The Sept. 11 dinner provided an opportunity for Alamance County and Elon University community members to engage in open and honest conversations regarding the portrayal of Muslims in the media, the role the Masjid plays in the community and other related topics.
The Oaks and East neighborhoods hosted a dinner conversation with Elon University students, faculty, staff and local Muslims on Sept. 11 at the Burlington Masjid. Dubbed Muslimedia, the event asked participants to engage in conversations related to how the media cover Islam, the impact of 9/11, the role the Masjid plays in the community, the five pillars of Islam, and much more.
Sonya Walker ’20 and Marjorie Anne Foster ’20, Multifaith Scholars and journalism and religious studies double majors, also offered brief remarks about their individual research projects, which have an Islamic focus.
The conversation was well-timed, as the Media Portrayals of Minorities Project Lab at Vermont’s Middlebury College released a study Sept. 3 that analyzed 26,626 articles from 2018 mentioning African Americans, Asian Americans, Latinos, Jews and Muslims that were published in The New York Times, The Washington Post, The Wall Street Journal and USA Today.
Researchers evaluated each article on how positive or negative it was toward a particular group. A score above 0.5 was viewed as positive, and a score below -0.5 was seen as negative. Coverage of Muslims averaged out to -0.7, a figure one of the researchers called “striking.”
“We hosted this event to provide a space for our students, faculty, staff and the Muslim community to engage in open and honest conversations,” said Colin Donohue, faculty director of the Oaks and School of Communications director of student engagement and alumni relations & instructor in journalism. “We are deeply appreciative of the hospitality and generosity of the Masjid leadership, who opened their home to us and who were so willing to share their perspectives and experiences.”
Muslimedia was originally conceived by the leadership of a regional chapter of the Society of Professional Journalists. Its original mission was to bring local professional journalists and Muslims together over a meal for an open discussion of media portrayals of Islam.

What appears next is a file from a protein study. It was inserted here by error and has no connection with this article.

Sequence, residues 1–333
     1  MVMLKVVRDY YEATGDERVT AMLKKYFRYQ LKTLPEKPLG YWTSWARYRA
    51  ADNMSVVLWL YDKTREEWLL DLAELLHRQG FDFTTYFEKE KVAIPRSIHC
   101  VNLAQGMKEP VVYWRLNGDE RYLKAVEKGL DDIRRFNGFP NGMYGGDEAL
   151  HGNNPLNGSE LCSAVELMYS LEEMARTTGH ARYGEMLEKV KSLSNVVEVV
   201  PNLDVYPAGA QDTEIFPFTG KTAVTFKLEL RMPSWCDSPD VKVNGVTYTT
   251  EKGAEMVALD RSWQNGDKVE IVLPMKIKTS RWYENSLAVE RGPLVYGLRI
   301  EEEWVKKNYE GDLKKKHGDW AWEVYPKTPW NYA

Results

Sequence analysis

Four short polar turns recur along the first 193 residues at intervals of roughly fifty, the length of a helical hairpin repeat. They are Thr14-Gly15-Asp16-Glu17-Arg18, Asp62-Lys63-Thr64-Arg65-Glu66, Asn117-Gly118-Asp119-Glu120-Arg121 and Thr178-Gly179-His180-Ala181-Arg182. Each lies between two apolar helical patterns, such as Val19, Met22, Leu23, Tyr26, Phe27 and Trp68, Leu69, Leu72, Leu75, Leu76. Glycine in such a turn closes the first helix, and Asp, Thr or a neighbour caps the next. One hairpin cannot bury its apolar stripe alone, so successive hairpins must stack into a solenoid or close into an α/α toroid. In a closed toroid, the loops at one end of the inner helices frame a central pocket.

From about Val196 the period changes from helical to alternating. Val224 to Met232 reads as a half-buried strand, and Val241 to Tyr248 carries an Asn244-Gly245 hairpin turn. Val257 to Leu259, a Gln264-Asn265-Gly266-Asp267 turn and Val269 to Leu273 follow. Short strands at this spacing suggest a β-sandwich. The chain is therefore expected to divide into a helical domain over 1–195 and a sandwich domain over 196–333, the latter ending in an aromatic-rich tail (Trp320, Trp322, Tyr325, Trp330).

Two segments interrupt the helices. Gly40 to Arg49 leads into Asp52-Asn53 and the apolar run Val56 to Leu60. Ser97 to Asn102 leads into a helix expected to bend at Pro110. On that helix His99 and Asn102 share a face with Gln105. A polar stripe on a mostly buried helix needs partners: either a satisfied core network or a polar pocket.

But the Elon version of the event – organized by Donohue, East Faculty Director and Director of Global and Experiential Initiatives Mark Dalhouse, Oaks Community Director Trianne Smith and East Community Director Sylvia Wade – broadened the scope of conversations and asked participants to have free-flowing talks in small-group settings.
“An event like that should push us to be better,” Masjid member Moneeb Sayed told Elon News Network reporter Brian Rea ’21. “To push us to be more aware of who’s around us and what is really a Muslim, what is really a Christian. Know a person not just by their religion, know them by who they are.”
Supporting the Oaks and East with Muslimedia was the Truitt Center for Spiritual & Religious Life, the School of Communications, the Center for the Study of Religion, Culture & Society, the Department of Religious Studies and Elon’s chapter of the Society of Professional Journalists.
Several members of the Masjid expressed a desire to host a similar event in the future in order to extend the conversations and goodwill between the Elon and local Muslim communities.
“The Masjid event is an emphatic statement that the people who perpetrated 9/11 don’t get the last word,” Dalhouse said. “Watching our students and our Muslim friends at the Masjid eat and talk together, I thought of a quote from Sandy Dahl, wife of Jason Dahl, the captain of United 93. She said, ‘What we learned from 9/11 is that life is short, and there is no time for hate.’”